And these advisors have gained a great deal. South Africa’s economy has benefitted immensely from the exports of basic goods as Zimbabwe’s industry has deteriorated. There is an estimated 3 million Zimbabweans living, working and contributing to the skilled labour force the South African economy needs. Europe, United States and The United Kingdom gain ground as they angle for control of the resources of the region as Zimbabwe’s destabilization threatens the security of the whole region. They are aware that there is no easier way to gain control over resources than through the creation of instability in a region. The Russians and the Chinese, quietly feed off the financial desperation of Zimbabweans to put their foothold in the country. All this while we demonstrate, have the police beat the demonstrators and then spend months fighting about which political party is worse than the other and achieve nothing except cause more suffering to the ordinary citizens.
The overarching message was the age-old Shona saying, “ Chakafukidza dzimba matenga”, loosely translated to mean “every home has its challenges which are concealed by the roof that covers it.” The message being that there is no perfect marriage, every marriage has its challenges. Like countries all over the world Zimbabwe has its challenges. At this time those challenges may seem insurmountable. However other countries have been through what we going through now and have found a way through. The leader of the Kenyan government Uhuru Kenyatta and leader of the opposition Raila Odinga have managed to reconcile and make peace with each other after the violent blood baths that have tainted the Kenyan electoral process. They have decided to work together for the good of their country and now have a healthy rivalry that works to take the country forward. Despite Raila Odinga refuting the election results, he has accepted that he is not the President of Kenya and knows that it is possible for Kenya to move forward with somebody else as President.
In our case the MDC Alliance’s claim that Zimbabwe’s problems cannot be resolved until the legitimacy issue is resolved is a fallacy. The installation of Nelson Chamisa as Zimbabwe’s President will not result in our debt arrears to African Development Bank, Afrexim or IMF and World Bank suddenly evaporating, nor will it pay off our ESCOM bills nor make it rain so that Kariba generates hydro electric power at maximum capacity. These things all need economic solutions not the installation of an MDC government to resolve them.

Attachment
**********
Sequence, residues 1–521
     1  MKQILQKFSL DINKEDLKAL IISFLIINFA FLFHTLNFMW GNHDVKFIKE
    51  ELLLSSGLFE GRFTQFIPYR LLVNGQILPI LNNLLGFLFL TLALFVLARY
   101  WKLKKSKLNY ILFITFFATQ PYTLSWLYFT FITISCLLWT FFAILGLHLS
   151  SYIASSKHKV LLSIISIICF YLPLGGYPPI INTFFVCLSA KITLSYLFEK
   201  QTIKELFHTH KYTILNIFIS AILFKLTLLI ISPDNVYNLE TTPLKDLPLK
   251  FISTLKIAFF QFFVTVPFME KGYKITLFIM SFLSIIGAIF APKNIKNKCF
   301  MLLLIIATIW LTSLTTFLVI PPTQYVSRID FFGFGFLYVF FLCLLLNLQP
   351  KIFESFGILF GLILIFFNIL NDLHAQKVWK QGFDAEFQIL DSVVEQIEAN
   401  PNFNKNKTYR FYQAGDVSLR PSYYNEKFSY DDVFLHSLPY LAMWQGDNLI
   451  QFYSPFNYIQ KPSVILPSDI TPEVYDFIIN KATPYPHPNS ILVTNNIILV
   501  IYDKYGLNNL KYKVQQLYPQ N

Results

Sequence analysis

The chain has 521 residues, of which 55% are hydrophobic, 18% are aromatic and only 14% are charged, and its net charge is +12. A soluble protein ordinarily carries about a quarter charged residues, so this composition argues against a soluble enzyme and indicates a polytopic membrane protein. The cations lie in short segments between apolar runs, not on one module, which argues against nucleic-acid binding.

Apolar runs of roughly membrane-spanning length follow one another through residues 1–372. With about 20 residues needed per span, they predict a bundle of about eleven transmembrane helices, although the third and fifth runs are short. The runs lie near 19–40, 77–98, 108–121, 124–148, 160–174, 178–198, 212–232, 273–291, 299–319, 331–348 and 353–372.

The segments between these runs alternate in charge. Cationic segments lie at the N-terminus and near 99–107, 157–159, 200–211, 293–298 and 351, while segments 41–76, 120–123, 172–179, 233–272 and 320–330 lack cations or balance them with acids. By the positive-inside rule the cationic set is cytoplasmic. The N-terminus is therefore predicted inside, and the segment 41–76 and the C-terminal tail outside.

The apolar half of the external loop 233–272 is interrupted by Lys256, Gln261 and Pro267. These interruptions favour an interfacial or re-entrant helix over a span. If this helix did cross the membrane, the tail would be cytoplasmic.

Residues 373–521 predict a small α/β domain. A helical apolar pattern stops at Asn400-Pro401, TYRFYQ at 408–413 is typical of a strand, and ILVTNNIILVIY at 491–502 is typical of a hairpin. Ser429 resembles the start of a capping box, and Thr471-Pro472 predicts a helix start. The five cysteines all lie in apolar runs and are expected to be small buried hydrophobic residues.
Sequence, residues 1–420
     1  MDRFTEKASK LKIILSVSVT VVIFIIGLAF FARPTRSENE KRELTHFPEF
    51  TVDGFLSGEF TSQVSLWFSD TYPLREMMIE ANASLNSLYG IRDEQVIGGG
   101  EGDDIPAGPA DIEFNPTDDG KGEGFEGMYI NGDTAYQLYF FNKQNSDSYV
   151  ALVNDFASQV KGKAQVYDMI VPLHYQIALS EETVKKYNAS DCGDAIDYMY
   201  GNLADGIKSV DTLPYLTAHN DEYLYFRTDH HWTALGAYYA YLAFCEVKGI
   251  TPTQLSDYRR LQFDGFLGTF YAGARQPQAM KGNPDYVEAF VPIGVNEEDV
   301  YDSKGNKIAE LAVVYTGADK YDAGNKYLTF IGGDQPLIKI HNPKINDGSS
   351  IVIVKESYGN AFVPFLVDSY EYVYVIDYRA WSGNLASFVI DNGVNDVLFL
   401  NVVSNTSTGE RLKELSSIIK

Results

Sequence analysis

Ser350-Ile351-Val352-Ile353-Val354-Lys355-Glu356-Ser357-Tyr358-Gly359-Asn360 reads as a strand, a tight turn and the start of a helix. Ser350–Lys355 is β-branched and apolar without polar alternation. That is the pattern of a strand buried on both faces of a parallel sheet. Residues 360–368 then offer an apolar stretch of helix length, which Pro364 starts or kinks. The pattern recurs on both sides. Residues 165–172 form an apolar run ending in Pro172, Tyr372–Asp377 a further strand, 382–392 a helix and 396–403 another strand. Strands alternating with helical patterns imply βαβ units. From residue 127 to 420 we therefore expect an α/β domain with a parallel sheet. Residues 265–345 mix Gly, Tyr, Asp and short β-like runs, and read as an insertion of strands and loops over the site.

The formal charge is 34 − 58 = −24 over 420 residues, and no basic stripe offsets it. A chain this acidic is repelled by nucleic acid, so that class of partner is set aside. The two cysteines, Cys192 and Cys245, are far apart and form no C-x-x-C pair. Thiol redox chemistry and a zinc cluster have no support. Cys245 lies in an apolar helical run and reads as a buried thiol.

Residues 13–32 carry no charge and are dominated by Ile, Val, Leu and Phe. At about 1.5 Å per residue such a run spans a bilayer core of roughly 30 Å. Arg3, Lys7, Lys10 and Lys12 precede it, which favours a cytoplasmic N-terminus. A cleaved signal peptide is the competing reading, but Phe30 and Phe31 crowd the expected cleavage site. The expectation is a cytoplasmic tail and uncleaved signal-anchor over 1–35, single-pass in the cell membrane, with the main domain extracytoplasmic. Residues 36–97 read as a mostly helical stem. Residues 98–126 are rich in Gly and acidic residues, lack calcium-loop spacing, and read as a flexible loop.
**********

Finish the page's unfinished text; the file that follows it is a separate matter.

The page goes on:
It is also time to stop thinking that any of our external allies will provide support that is to our country’s advantage. That is not the nature of the political beast, it demands that every nation takes any action in pursuit of its own self interest. Sanctions are not to our advantage that is a fallacy we have been made to believe. South Africa will build their economy using the skills provided by the millions of well-educated Zimbabweans until such time that they are no longer in need of them. The Chinese and Russians will take full advantage of negotiating with a country that has low international status because the world and its own people have a low opinion of themselves.
It is time to begin to do things differently, we cannot keep repeating the same actions and expect to realise a different result. The MDC cannot keep demonstrating knowing that there will be nothing achieved except a heavy handed response from the police and army. Zanu PF should do things in a way that does not leave the citizens believing that demonstrations are the only way they can make a change. There is need to let people know where we are as a country. If the Transitional Stabilisation Programme is the leading policy driving the government agenda then let us know where we are. It must be like the northern star for every Zimbabwean Citizen. It must be something every Zimbabwean is able to speak about and track its progress so that they know exactly where we are on the journey to recovery. Citizens should not have to wait to glean information from speeches made by the Minister of Foreign Affairs to external players in some far off land. Zimbabweans should be so attuned to the government policy of the day that if given the chance a citizen should be able to articulate the basic steps being taken to move the country forward. They must also be able to tell each other and anyone who cares to listen how far the policy has been implemented according to the steps that need to be taken.
We must begin to restore pride in ourselves. The incessant self-denigration diminishes us in the eyes of the world and makes our recovery even slower than it should be. There are plenty of challenges in our country, but none of them are insurmountable if we take these lessons from a marriage counselor into our politics: Accept your reality, look to harness and appreciate the positives, seek to resolve your own issues, don’t be to quick to look for external advisors and then look to them to fight your battles, begin to communicate constructively. After all chakafukidza dzimba matenga.